The Fourth of July

There will be no fireworks where I live this year. It is too dry. As I write this, rain is predicted–the first time in four months, but then again, I live in the desert. But even if it rains, no fireworks. Too many wildfires already. Palm trees burn explosively, sending sparks onto dry brush and roofs. I understand, but it will feel different.

Every July, I wonder what it would be like if my parents hadn’t emigrated, hadn’t made a life in America. If I hadn’t been born here, mis-identified by my parents as “our little Native American.” I didn’t understand their mistake till my fifth grade teacher called me Little Raining Cloud. The smallest and youngest in my class, and, unfortunately in a rural school, bad at sports and good at math, I cried a lot. Kids made fun of the way I dressed (hand-me-downs), my European pronunciation of English, and my braids. I could not decipher why they all wanted to sit around me when it came time for tests, when they despised me the rest of the day.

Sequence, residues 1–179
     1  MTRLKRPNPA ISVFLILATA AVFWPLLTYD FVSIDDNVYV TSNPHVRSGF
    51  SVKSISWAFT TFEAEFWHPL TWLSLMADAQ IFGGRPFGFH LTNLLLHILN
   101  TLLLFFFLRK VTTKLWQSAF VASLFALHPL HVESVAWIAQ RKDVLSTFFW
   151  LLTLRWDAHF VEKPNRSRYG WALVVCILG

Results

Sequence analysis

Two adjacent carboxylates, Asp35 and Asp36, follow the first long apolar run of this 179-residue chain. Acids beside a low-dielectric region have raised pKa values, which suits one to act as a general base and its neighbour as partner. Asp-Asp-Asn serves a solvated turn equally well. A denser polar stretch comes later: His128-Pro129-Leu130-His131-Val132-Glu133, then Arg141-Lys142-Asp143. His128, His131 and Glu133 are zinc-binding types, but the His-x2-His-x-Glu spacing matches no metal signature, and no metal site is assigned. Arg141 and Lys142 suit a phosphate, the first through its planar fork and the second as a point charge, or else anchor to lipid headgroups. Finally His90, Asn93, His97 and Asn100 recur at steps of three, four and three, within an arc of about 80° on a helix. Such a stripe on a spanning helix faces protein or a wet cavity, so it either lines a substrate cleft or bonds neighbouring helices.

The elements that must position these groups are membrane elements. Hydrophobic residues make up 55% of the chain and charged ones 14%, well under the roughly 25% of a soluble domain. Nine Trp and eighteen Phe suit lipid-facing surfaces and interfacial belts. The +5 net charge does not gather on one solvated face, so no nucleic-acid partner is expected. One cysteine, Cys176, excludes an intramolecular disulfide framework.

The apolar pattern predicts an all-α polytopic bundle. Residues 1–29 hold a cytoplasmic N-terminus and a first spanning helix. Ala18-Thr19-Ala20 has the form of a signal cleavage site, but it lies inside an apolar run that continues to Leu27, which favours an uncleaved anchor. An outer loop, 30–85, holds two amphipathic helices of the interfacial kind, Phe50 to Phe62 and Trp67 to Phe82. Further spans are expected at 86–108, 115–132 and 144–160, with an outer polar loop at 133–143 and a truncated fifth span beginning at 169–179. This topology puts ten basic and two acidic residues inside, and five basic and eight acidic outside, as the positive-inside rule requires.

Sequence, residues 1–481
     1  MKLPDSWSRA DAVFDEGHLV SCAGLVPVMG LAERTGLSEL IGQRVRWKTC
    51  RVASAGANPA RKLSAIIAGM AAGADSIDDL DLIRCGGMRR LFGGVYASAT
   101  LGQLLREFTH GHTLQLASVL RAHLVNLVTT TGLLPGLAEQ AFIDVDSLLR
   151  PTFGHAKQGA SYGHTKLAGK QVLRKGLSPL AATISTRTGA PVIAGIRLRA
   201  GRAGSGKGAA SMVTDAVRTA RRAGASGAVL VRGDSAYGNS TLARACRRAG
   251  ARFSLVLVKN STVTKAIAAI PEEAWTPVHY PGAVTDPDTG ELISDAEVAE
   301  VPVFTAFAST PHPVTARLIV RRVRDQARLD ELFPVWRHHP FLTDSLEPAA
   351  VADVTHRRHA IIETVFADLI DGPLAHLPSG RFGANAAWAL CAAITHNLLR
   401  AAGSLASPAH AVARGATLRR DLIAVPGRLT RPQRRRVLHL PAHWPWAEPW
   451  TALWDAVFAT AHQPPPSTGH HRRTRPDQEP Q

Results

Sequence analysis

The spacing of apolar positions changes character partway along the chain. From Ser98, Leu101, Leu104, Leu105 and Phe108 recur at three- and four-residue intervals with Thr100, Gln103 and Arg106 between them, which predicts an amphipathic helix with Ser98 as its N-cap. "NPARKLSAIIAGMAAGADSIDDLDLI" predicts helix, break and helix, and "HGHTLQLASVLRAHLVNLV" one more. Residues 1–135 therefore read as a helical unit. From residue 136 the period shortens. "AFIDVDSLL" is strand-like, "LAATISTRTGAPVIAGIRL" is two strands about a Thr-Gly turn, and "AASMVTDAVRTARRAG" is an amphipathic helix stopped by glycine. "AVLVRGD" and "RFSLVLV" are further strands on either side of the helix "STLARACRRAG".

What makes me still and silent on this day of bright celebration, is what has happened to our culture since 9/11. I remember before that day, our country was brash, and open and daring. After that day, fear dominated. We fear immigrants. We fear dark-skinned people. We fear non-Christians. We give up privacy and freedom in exchange for a false sense of protection. We separate the world into “them” and “us.” And “them” are wrong. News, which once was the inviolable ground of neutrality, is now a snipe fest of blame and blood. Common sense is hanging on by its thin fingernails, as we beg the question, believe in correlation instead of cause, and pay no attention to critical thinking because rage and hurled invective is so much more demonstrative of patriotism than calm and rational thinking.

So today, I am carefully sweeping up the shards of my hope, digging in my backpack for leftovers of compassion, and digging out the last few grains of kindness. It may not be much, but I won’t trade them for the more colorful and dramatic fear. I won’t let fear stay in my house or in my heart. I want to be determined in good will, in optimism, in  helping those who need help. Eventually, if you live by the sword, you die by the sword, and I want to live by kindness instead.

Quinn McDonald is a writer and creativity coach. She is a creativity coach who believes that kindness can transform, one person at a time.